Fed must ‘inflict more losses’ on stock-market investors to tame inflation, says former central banker
So much for the Fed put.
“‘It’s hard to know how much the U.S. Federal Reserve will need to do to get inflation under control. But one thing is certain: To be effective, it’ll have to inflict more losses on stock and bond investors than it has so far.’”
— Bill Dudley, former New York Fed president
That’s William Dudley, the former president of the powerful New York Fed, arguing in a guest column at Bloomberg that his former colleagues won’t get a handle on inflation that’s running at around a 40-year high unless they make investors suffer.
There are myriad uncertainties the Fed must navigate, he acknowledged, including the effect of easing supply-chain disruptions and a historically tight labor market. But the effects of the Fed’s tightening of monetary policy on financial conditions — and the the effect that tightening will have on economic activity — is one of the biggest unknowns, Dudley wrote.
Unlike many other economies, the U.S. doesn’t respond directly to changes in short-term interest rates, Dudley said, partly because most U.S. home buyers have long-term, fixed-rate mortgages. But many U.S. households, also in contrast to other countries, have a significant amount of their wealth in equities, which makes them sensitive to financial conditions.
Dudley’s call for the Fed to inflict losses on investors stands in contrast to the longstanding notion of a figurative Fed put, the idea that the central bank would halt monetary tightening or otherwise ride to the rescue in the event of heavy losses in financial markets. Dudley, who ran the New York Fed from 2009 to 2018, was previously chief U.S. economist at Goldman Sachs and is now a senior research scholar at Princeton University’s Center for Economic Policy Studies.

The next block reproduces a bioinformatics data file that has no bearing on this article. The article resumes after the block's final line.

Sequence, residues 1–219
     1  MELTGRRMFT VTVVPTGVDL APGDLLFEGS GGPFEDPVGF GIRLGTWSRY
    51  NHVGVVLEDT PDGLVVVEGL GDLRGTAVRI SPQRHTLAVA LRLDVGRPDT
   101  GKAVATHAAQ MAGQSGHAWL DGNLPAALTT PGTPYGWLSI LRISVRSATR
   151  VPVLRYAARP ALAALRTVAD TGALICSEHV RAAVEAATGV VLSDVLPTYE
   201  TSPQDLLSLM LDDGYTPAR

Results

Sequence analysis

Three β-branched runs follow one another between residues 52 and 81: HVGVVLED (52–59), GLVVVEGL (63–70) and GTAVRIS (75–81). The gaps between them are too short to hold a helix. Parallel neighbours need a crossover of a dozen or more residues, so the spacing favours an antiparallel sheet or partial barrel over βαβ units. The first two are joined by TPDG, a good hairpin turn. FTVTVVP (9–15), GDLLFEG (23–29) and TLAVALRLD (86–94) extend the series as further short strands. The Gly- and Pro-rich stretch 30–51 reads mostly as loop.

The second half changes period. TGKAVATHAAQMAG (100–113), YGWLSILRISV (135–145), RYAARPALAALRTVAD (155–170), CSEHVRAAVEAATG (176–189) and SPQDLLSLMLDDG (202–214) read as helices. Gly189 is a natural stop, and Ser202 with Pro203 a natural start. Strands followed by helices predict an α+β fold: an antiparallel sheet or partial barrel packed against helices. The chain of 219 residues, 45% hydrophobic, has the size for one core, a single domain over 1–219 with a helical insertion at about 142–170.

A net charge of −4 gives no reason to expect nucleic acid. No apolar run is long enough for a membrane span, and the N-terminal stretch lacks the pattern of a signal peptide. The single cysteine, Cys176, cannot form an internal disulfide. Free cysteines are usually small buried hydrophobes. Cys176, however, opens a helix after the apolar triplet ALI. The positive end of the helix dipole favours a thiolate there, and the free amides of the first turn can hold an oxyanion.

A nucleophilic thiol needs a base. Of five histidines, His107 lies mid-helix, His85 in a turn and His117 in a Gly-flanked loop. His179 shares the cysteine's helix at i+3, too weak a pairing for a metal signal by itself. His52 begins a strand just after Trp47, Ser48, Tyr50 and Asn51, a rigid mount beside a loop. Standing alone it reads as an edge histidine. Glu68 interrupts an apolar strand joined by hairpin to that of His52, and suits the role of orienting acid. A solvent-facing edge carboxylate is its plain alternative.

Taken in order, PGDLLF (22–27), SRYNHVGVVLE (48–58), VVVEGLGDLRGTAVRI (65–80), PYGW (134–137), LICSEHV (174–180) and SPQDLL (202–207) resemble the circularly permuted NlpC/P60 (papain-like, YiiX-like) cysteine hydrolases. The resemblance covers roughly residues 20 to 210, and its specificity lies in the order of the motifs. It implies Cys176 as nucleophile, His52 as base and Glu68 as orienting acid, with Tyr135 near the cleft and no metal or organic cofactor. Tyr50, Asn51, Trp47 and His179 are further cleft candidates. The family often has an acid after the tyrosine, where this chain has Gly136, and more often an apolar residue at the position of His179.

Investors have talked of a figurative Fed put since at least the October 1987 stock-market crash prompted the Alan Greenspan-led central bank to lower interest rates. An actual put option is a financial derivative that gives the holder the right but not the obligation to sell the underlying asset at a set level, known as the strike price, serving as an insurance policy against a market decline.
Stocks have lost ground in 2022, partly in reaction to the Fed’s signals that it is prepared to be aggressive in raising interest rates and shrinking its balance sheet to get inflation under control. But losses remain modest, with the S&P 500
less than 7% away from its Jan. 3 record close as of Tuesday’s finish. The Dow Jones Industrial Average
is down 5.1% for the year to date, while the Nasdaq Composite
made up of more rate-sensitive tech and growth stocks, has fallen more than 11%.
The pain has been more intense in the bond market. Treasury yields, which move the opposite direction of prices, have soared, albeit from historically low levels. First-quarter losses in the bond market were the worst in a quarter century.
Still, the 10-year Treasury yield
above 2.5% remains up around just 0.75 percentage point from a year ago and remains well below the inflation rate, Dudley said. That’s because investors expect higher short-term rates to undermine economic growth and force the Fed to reverse course in 2024 and 2025, he said — “but these very expectations are preventing the tightening of financial conditions that would make such an outcome more likely.”
Investors should listen to Fed Chair Jerome Powell, Dudley said, who has clearly stated that financial conditions must tighten.
“If this doesn’t happen on its own (which seems unlikely), the Fed will have to shock the market to achieve the desired response,” Dudley said. That would mean hiking rates much higher than market participants currently anticipate because the Fed, “one way or another, to get inflation under control…will need to push bond yields higher and stock prices lower.”